We Gotta Get Out of This Place

Author: Doug Bradley
Publisher:
ISBN: 9781625341624
Format: PDF, ePub
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For a Kentucky rifleman who spent his tour trudging through Vietnam's Central Highlands, it was Nancy Sinatra's "These Boots Are Made for Walkin'." For a "tunnel rat" who blew smoke into the Viet Cong's underground tunnels, it was Jimi Hendrix's "Purple Haze." For a black marine distraught over the assassination of Martin Luther King Jr., it was Aretha Franklin's "Chain of Fools." And for countless other Vietnam vets, it was "I Feel Like I'm Fixin' to Die," "Who'll Stop the Rain," or the song that gives this book its title. In We Gotta Get Out of This Place, Doug Bradley and Craig Werner place popular music at the heart of the American experience in Vietnam. They explore how and why U.S. troops turned to music as a way of connecting to each other and the World back home and of coping with the complexities of the war they had been sent to fight. They also demonstrate that music was important for every group of Vietnam veterans--black and white, Latino and Native American, men and women, officers and "grunts"--whose personal reflections drive the book's narrative. Many of the voices are those of ordinary soldiers, airmen, seamen, and marines. But there are also "solo" pieces by veterans whose writings have shaped our understanding of the war--Karl Marlantes, Alfredo Vea, Yusef Komunyakaa, Bill Ehrhart, Arthur Flowers--as well as songwriters and performers whose music influenced soldiers' lives, including Eric Burdon, James Brown, Bruce Springsteen, Country Joe McDonald, and John Fogerty. Together their testimony taps into memories--individual and cultural--that capture a central if often overlooked component of the American war in Vietnam.

We Gotta Get Out of This Place

Author: Doug Bradley
Publisher:
ISBN: 9781625341976
Format: PDF, ePub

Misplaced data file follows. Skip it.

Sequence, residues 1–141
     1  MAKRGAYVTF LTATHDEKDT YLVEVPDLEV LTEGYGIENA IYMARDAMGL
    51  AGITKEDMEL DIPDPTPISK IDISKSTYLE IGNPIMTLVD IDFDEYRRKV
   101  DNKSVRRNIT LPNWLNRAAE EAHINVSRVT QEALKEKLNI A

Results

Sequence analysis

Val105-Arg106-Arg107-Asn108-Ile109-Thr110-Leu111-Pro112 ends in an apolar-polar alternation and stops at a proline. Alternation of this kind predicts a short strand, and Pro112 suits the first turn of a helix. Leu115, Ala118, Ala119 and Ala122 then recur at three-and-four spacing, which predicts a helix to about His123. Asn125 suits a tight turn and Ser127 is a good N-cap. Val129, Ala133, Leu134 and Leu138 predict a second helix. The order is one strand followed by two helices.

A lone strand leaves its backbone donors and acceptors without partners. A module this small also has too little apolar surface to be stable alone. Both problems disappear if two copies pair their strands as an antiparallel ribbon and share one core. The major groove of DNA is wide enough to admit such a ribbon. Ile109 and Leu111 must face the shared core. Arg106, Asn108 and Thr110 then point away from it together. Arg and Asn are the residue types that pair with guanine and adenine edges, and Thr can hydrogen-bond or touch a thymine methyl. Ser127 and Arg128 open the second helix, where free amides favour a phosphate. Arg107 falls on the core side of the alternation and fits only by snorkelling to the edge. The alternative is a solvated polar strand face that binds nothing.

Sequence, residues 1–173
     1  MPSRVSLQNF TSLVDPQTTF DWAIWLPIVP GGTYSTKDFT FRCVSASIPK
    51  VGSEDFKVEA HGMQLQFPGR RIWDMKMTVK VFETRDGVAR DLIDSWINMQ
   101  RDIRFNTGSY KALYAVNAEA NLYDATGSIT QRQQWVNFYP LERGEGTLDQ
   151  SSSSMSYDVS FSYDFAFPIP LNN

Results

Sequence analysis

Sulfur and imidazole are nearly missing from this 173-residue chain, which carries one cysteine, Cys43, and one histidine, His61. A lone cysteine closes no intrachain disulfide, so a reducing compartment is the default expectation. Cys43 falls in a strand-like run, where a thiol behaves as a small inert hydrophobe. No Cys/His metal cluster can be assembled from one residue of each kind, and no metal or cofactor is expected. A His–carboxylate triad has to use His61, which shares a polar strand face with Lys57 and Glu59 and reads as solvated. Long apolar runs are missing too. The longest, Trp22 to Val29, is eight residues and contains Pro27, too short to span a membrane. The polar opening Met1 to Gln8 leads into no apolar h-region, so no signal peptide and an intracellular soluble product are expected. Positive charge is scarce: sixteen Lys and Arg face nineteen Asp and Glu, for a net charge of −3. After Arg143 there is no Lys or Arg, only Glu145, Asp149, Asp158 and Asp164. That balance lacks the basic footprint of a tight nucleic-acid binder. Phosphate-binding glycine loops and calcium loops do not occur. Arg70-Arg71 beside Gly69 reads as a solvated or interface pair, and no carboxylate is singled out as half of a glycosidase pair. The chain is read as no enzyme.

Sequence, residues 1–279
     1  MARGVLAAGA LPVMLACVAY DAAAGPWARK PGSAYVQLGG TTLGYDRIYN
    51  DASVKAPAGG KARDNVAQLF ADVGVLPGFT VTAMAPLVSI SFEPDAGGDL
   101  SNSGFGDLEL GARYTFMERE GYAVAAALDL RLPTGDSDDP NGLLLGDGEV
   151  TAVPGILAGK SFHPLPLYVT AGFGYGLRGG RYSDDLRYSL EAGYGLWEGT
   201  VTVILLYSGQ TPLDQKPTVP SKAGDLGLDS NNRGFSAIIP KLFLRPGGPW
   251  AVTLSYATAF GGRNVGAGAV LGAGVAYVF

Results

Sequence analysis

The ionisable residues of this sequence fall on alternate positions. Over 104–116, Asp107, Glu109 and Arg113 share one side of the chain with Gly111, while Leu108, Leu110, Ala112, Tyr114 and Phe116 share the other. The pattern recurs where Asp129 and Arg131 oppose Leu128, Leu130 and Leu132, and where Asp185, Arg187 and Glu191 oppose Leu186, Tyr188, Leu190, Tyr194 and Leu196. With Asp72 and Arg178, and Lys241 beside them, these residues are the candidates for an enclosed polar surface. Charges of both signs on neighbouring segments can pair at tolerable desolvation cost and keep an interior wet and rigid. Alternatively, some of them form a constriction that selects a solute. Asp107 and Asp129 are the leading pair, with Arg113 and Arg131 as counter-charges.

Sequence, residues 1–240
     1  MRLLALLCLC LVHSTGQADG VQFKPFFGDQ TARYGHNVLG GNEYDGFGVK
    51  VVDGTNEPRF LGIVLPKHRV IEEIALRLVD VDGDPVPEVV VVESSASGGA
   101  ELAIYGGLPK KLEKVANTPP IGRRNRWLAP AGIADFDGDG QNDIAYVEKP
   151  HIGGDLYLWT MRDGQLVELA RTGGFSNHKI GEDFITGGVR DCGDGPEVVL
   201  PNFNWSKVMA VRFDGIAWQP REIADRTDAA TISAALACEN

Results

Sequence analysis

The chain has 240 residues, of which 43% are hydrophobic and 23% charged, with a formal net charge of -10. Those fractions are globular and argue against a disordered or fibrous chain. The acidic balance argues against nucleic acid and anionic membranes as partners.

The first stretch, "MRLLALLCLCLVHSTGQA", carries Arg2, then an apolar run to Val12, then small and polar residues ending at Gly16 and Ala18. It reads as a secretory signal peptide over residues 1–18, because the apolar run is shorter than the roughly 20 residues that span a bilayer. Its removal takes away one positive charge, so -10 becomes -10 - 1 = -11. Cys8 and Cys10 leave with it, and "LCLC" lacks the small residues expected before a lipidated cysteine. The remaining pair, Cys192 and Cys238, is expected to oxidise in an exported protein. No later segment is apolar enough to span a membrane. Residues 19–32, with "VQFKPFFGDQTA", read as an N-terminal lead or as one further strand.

Download Now
For a Kentucky rifleman who spent his tour trudging through Vietnam's Central Highlands, it was Nancy Sinatra's "These Boots Are Made for Walkin'." For a "tunnel rat" who blew smoke into the Viet Cong's underground tunnels, it was Jimi Hendrix's "Purple Haze." For a black marine distraught over the assassination of Martin Luther King Jr., it was Aretha Franklin's "Chain of Fools." And for countless other Vietnam vets, it was "I Feel Like I'm Fixin' to Die," "Who'll Stop the Rain," or the song that gives this book its title. In We Gotta Get Out of This Place, Doug Bradley and Craig Werner place popular music at the heart of the American experience in Vietnam. They explore how and why U.S. troops turned to music as a way of connecting to each other and the World back home and of coping with the complexities of the war they had been sent to fight. They also demonstrate that music was important for every group of Vietnam veterans--black and white, Latino and Native American, men and women, officers and "grunts"--whose personal reflections drive the book's narrative. Many of the voices are those of ordinary soldiers, airmen, seamen, and marines. But there are also "solo" pieces by veterans whose writings have shaped our understanding of the war--Karl Marlantes, Alfredo Vea, Yusef Komunyakaa, Bill Ehrhart, Arthur Flowers--as well as songwriters and performers whose music influenced soldiers' lives, including Eric Burdon, James Brown, Bruce Springsteen, Country Joe McDonald, and John Fogerty. Together their testimony taps into memories--individual and cultural--that capture a central if often overlooked component of the American war in Vietnam.

Battle Notes

Author: Lee Andresen
Publisher: Savage Press
ISBN: 9781886028593
Format: PDF, Mobi
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This is the trade paperback second edition of the popular original title

DEROS Vietnam

Author: Doug Bradley
Publisher: Open Road Media
ISBN: 1480401161
Format: PDF, ePub
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DEROS Vietnam: Dispatches from the Air-Conditioned Jungle presents a unique, fictional montage of the wartime and postwar experiences of Vietnam support troops. Structurally based on Ernest Hemingway’s In Our Time, this riveting collection of sixteen short stories and sixteen interlinears portrays the GIs who battled boredom, racial tensions, the military brass, drugs, alcohol—and occasionally the enemy. (The acronym DEROS stands for Date Eligible for Return from Over Seas.) From cooks and correspondents to clerks and comptrollers, DEROS Vietnam distills the essence of life for soldiers in the rear during the war and, later, back home in a divided America. Vietnam veteran Doug Bradley, a former army journalist who served in the air-conditioned jungle at US Army Headquarters near Saigon from 1970 to 1971, tells these compelling stories with wit, intensity, and empathy. In doing so, he provides a gateway to a Vietnam experience that has been largely ignored and whose reverberations still echo across America.